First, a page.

As global pressure to reduce emissions mounts, owing to more stringent legislation, there remains a high demand for spray nozzle and spraying system manufacturer Lechler’s VarioCool Gas Conditioning systems in the cement producing industry, says Lechler representative in Southern Africa Industrial Nozzles & Systems director Steve Smith.
The systems can be found in gas cooling towers and are used for downcomer duct cooling, clinker cooling, cooling in the cyclone preheater and chlorine bypass cooling.
“Another area of application is the reduction of nitrogen oxide (NOx), whereby ammonia water is injected into the gas flow – this is a highly topical issue considering the new legislation for 2020 emissions. NOx and sulphur oxide levels are to be reduced, depending on the fuel used – that is, renewable or fossil fuel. Therefore, many of the older cement mills will need to install emission reducing practices.”
Smith adds that Lechler offers basic and high efficiency selective non-catalytic reduction and selective catalytic reduction spray systems.
The National Treasury published the second Draft Carbon Tax Bill for introduction to Parliament and public comment on December 15 last year. The Bill is part of South Africa’s commitment to reduce greenhouse-gas emissions to 34% above preindustrial levels by 2020 and to 42% above preindustrial levels by 2025.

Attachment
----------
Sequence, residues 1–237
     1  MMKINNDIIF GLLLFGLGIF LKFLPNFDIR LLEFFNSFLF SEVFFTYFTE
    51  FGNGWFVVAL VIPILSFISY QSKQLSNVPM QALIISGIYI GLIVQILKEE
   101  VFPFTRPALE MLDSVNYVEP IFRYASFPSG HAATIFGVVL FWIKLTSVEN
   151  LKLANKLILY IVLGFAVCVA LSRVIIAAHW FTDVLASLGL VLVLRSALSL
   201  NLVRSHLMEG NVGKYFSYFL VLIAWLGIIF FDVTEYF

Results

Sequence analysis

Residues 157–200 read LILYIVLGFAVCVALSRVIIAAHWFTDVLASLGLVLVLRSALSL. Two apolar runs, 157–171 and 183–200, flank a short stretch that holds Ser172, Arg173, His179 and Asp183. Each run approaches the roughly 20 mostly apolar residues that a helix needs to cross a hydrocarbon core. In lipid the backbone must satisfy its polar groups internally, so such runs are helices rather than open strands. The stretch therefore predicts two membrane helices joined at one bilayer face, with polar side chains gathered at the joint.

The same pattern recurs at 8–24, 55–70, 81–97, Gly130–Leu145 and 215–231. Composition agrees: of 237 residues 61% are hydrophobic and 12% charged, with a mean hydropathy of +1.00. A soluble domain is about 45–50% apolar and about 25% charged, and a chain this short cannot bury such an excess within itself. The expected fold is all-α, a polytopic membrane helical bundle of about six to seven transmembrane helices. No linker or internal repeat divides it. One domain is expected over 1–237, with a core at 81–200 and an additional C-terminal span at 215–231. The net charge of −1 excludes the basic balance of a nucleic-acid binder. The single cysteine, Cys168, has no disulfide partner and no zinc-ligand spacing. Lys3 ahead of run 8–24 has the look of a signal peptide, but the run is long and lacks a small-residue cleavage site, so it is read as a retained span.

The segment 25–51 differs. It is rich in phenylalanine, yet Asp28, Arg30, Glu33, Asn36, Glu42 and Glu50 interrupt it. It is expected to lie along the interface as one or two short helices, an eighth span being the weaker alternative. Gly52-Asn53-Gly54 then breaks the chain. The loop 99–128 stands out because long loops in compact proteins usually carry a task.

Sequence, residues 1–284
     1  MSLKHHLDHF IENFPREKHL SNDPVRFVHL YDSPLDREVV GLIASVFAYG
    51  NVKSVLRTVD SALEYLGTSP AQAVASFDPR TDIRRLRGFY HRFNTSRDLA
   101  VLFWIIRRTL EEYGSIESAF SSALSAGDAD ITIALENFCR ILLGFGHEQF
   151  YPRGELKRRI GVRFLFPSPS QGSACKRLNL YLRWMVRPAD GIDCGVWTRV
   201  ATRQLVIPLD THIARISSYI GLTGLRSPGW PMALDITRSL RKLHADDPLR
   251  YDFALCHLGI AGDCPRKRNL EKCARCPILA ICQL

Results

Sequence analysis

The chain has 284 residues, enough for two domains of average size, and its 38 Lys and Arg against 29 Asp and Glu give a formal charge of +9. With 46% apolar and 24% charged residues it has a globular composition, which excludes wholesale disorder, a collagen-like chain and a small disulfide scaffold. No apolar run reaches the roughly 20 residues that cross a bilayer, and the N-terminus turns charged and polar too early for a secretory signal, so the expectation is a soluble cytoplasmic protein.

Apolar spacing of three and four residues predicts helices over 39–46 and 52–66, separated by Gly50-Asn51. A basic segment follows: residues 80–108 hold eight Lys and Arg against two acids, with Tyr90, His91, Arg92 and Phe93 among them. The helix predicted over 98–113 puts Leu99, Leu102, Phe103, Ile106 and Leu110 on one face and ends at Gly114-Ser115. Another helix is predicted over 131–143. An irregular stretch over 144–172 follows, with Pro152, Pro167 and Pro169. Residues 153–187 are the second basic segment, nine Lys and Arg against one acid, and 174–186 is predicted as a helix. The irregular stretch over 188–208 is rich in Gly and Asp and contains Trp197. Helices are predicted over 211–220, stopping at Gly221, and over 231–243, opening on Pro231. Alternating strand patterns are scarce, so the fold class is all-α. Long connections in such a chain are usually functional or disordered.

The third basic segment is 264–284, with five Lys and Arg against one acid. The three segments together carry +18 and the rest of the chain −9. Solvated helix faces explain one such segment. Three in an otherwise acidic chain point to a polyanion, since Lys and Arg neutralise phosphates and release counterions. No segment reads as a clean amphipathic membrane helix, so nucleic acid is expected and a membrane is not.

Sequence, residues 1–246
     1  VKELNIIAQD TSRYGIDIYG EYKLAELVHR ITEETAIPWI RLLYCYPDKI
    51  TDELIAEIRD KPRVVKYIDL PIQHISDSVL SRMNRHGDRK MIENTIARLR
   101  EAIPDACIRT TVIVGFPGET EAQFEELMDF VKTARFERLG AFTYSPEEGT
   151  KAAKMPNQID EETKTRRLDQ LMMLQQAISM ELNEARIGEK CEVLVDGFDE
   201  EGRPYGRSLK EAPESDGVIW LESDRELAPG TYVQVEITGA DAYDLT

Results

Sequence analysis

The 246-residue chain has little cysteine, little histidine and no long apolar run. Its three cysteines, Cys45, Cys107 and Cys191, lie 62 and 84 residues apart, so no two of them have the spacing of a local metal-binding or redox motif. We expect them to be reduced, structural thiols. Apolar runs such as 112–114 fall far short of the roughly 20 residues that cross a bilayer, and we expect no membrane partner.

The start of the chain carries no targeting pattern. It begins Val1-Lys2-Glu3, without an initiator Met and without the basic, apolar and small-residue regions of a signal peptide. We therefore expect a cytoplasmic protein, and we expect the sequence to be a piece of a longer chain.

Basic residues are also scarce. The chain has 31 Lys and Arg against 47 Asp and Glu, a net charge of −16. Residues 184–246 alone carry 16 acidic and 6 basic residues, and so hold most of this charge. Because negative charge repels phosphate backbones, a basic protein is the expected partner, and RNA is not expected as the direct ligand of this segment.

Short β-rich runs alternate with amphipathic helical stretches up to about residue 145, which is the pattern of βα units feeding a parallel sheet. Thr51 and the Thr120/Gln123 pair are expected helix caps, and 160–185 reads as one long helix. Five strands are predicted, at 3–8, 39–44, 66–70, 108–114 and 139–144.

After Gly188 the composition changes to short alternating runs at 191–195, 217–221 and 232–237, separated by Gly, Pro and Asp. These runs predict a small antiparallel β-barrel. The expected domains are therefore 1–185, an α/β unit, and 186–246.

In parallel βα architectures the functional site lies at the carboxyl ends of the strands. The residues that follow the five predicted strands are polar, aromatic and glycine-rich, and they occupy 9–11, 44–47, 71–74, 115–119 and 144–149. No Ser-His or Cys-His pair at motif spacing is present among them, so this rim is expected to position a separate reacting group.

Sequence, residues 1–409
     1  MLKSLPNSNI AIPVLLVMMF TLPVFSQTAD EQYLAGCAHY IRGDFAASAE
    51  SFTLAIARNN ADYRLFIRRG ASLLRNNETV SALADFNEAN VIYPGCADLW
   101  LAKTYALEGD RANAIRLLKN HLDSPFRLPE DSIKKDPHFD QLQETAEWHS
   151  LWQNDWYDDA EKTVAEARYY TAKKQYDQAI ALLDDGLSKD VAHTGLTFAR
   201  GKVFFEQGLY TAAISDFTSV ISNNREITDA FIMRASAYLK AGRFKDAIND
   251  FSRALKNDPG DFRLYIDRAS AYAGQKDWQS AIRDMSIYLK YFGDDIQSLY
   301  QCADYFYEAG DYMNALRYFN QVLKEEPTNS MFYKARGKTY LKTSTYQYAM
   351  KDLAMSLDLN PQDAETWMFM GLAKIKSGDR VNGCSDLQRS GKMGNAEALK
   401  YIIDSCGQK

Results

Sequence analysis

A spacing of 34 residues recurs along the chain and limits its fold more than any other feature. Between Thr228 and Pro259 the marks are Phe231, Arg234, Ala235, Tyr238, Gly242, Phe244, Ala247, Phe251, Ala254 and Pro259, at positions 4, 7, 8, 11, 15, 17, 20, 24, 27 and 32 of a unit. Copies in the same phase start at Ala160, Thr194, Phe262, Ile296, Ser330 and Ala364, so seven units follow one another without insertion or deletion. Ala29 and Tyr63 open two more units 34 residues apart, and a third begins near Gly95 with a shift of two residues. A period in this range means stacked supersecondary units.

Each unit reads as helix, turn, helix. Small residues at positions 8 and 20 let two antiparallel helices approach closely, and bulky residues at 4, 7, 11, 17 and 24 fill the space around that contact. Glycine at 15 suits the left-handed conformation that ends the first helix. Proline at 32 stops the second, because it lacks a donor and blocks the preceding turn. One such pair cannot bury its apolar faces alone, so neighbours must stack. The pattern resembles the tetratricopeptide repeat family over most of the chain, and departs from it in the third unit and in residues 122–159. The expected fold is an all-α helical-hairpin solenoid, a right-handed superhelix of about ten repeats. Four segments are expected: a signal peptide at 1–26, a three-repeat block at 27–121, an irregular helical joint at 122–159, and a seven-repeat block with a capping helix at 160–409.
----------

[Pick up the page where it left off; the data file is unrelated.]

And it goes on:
“Through years of experience, Lechler has developed some of the most efficient nozzles on the global market. With lower air consumption of more than 30%, compared with that of other similar systems, many plants see the value of our systems in combating rising energy costs in the long term,” Smith notes.
Each system is tailor-made for cement plant requirements, ensuring an effective installation of the equipment, he adds.
He points out that Industrial Nozzles & Systems’ scope of supply to the cement industry has more than tripled in the past four to five years. The company deals with almost all the cement plants in South Africa and has recently supplied two VarioCool systems to a major South African cement supplier in Zimbabwe and another is currently being produced for the same supplier at a plant in South Africa. The company is also engaged in several potential projects involving the optimisation of existing systems at three of South Africa’s major cement suppliers.
“We have good prospects for long-term growth in South Africa and Africa,” Smith concludes.